Keeping a tidy database will help a company get the most out of it. An efficient database provides the ability to efficiently track, nurture and identify interested prospects over time and puts that data in the hands of sales and marketing to close more sales faster.

Jim Meyer ( jim.meyer@etrigue.com This e-mail address is being protected from spambots. You need JavaScript enabled to view it ) is Vice President at eTrigue Corp. He has more than 20 years experience marketing products from wireless silicon to consumer electronics.

Wednesday, September 16, 2009

Process Audit Needed To Identify Breaks In Lead Management

By Carlos Hidalgo, President, The Annuitas Group

Marketing automation systems are robust and do allow marketers to become more efficient and effective, but they can’t deliver the process-based approach that will ultimately help the marketer meet the demands of today. It’s tempting to believe that that technology will cure all of the marketer’s ills. But it won’t. Companies that adopt marketing automation technology without the planning and development of process will not reach the potential returns they could otherwise achieve.

Understanding the need to develop and implement the right process is one thing. Getting there is another. For most marketers, it’s difficult to determine what processes are broken, or what processes are missing altogether.

The best place to start is with a process audit. An audit is an exercise whereby all parts of the lead management continuum are identified, assessed, and analyzed. Included are all functions that have a role in lead management. This obviously includes sales and marketing, but also may include business development, IT, Web Services, and the current technology structure.

Any organization within the company that has a role, however minor it may be, in the generation, qualifying, routing and disposition of leads should be included in the audit. The audit, plain and simple, is a fact-finding mission. The goal is to find the broken areas, diagnose them, and determine how they can be fixed. It is not an exercise in assigning blame, and there are no “sacred cows”. It’s simply a project to uncover the issues or leaks that exist within a company’s lead management practice. Often, having an objective, “third party” lead management consultant helps to maintain objectivity.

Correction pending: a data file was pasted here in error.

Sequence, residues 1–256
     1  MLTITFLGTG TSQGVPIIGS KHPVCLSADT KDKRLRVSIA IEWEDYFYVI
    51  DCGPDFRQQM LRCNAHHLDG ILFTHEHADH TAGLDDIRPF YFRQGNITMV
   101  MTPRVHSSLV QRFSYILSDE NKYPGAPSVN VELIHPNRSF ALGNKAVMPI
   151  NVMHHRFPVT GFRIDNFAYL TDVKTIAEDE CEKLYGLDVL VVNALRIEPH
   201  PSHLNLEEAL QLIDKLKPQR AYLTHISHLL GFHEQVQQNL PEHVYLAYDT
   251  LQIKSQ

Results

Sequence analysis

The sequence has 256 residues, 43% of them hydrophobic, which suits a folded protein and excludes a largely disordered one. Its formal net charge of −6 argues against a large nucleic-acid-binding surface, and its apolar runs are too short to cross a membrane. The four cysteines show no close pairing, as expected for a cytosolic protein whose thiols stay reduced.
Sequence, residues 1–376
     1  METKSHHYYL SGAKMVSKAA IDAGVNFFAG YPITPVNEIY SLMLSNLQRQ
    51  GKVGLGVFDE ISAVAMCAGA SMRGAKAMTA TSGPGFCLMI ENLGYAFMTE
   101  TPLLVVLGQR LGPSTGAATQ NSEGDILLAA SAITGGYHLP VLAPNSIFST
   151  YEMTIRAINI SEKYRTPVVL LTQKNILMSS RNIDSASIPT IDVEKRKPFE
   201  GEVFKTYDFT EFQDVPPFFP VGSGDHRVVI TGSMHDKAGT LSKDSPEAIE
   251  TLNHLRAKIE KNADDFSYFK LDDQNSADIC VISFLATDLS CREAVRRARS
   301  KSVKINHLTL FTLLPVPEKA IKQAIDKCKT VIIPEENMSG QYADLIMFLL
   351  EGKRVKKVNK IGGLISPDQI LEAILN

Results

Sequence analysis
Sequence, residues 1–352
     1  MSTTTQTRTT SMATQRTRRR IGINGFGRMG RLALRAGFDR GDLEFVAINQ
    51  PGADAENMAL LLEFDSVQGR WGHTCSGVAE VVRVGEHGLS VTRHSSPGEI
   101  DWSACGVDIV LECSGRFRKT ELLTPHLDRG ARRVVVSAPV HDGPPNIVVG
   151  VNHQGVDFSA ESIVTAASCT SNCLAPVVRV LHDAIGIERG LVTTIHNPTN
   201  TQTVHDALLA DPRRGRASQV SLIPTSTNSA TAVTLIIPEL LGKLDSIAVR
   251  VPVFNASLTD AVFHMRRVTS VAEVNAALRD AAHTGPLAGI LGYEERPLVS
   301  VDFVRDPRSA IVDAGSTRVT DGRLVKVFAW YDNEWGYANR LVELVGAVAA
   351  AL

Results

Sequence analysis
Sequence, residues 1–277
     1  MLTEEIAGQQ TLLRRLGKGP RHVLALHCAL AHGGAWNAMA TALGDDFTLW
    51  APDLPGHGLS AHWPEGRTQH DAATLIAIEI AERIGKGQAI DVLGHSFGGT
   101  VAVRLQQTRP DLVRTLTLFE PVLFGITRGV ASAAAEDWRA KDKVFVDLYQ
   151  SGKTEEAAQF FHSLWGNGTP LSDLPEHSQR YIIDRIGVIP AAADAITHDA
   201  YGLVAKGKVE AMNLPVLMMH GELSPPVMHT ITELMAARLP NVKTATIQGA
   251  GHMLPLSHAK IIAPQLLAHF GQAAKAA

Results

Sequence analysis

The areas an audit should cover can broken down into six key categories:

1. Data (Sales Data, Marketing Data)

2. Lead Planning (Sales & Marketing Integration Point)

3. Lead Qualification

4. Lead Routing (Marketing to Sales; Sales back to Marketing)

5. Lead Nurturing

6. Measurement & Analysis

Process Development in Process

This framework and approach is one that has been proven over and over with great success. One such company is still reaping the rewards of moving forward with a process-based approach, more than a year after adoption.

Typical of many organizations, this financial services company was sending all “leads” to sales for follow-up. Sales in turn were getting increasingly frustrated because the majority of the leads were not qualified and had little to no interest in buying. As a result of this approach, sales had very low conversion rates, marketing had no true measurement of campaign success, sales grew increasingly frustrated, and the gap between marketing and sales continued to grow.